Suffrage and the Pulitzer Prize


Congratulations to Megan Marshall for winning the coveted 2014 Pulitzer Prize for her wonderful biography, Margaret Fuller, A New American Life. When the prizes were announced on April 14th those of us who study the suffrage movement were delighted to see such a wonderful accolade for a “a richly researched book that tells the remarkable story of a 19th century author, journalist, critic and pioneering advocate of women’s rights.”

Margaret Fuller was a member of the New England intellectual elite, friends with Ralph Waldo Emerson, and Horace Greeley. She was an accomplished writer, becoming the editor of the transcendentalist journal, The Dial in 1840 and also writing for the New York Tribune under Horace Greeley in 1844. Margaret was an early champion of the poor and disadvantaged, and stressed the importance of education for women. She was the author of Women in the Nineteenth Century. In 1846, acting as an American correspondent for Horace Greeley, she sailed for Italy where she entered  into a relationship and had a son with Giovanni Ossoli. The small family was on its way home to the United States when the ship floundered and sunk off the coast of Fire Island in 1850. Margaret’s body was never found.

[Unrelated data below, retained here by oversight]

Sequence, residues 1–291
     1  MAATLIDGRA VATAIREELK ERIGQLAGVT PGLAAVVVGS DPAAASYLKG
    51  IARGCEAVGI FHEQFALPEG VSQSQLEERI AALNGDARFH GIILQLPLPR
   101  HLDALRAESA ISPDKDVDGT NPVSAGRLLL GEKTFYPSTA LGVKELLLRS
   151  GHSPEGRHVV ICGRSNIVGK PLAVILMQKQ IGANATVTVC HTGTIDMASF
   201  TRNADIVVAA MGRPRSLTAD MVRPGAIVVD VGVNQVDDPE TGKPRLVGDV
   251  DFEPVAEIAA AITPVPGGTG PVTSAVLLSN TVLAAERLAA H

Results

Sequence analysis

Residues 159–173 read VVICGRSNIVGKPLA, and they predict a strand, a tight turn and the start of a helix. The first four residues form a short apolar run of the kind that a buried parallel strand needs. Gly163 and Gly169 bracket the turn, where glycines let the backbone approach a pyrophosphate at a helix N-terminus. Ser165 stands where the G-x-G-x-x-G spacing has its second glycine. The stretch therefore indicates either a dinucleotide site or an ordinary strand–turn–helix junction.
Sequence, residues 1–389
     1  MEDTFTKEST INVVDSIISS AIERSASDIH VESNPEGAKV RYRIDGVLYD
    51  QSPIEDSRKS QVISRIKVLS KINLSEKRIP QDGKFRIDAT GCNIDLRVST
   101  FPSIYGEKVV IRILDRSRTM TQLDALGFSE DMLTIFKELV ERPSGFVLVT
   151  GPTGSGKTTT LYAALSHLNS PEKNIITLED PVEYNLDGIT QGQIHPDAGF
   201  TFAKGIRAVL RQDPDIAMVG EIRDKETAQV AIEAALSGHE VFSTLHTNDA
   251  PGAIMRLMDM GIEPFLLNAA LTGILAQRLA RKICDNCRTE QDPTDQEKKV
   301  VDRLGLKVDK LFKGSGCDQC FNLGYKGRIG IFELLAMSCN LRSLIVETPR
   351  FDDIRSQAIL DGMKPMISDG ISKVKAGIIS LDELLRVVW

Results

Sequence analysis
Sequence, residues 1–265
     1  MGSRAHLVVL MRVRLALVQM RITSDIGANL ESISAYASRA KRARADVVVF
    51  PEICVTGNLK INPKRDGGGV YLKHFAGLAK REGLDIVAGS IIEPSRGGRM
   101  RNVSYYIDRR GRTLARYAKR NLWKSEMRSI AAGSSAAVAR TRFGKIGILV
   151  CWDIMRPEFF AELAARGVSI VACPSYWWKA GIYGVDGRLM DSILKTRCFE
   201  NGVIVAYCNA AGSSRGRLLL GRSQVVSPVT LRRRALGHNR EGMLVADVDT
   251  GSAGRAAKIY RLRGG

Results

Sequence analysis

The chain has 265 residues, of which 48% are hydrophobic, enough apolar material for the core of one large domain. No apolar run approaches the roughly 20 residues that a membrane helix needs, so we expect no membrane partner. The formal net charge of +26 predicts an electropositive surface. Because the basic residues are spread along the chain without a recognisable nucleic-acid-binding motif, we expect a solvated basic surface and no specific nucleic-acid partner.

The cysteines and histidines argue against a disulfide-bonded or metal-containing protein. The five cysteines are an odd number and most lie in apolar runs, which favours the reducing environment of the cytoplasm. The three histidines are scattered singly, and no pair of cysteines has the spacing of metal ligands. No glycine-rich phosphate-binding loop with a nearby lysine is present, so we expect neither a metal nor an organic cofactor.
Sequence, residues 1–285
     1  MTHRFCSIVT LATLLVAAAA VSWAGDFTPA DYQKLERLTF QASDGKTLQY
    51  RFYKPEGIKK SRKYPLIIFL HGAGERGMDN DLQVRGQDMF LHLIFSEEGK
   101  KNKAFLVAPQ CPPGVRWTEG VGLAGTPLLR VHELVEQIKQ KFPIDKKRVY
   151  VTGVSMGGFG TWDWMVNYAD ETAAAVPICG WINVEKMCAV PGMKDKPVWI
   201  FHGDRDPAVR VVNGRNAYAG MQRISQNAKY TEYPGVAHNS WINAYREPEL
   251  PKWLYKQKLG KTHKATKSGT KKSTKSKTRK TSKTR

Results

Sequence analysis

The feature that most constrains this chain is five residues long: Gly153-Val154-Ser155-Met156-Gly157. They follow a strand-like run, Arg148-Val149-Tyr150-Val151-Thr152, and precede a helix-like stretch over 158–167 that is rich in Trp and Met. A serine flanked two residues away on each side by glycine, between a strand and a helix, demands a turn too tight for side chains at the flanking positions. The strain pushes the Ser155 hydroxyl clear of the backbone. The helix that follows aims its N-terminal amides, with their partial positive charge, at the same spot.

For more about this remarkable woman, please click on the link on the left, “Margaret Fuller’s Life” to fine a wonderful website that continues the story.

Margaret Fuller, A New American Life was published by Houghton Mifflin Harcourt, Boston – New York, 2013.

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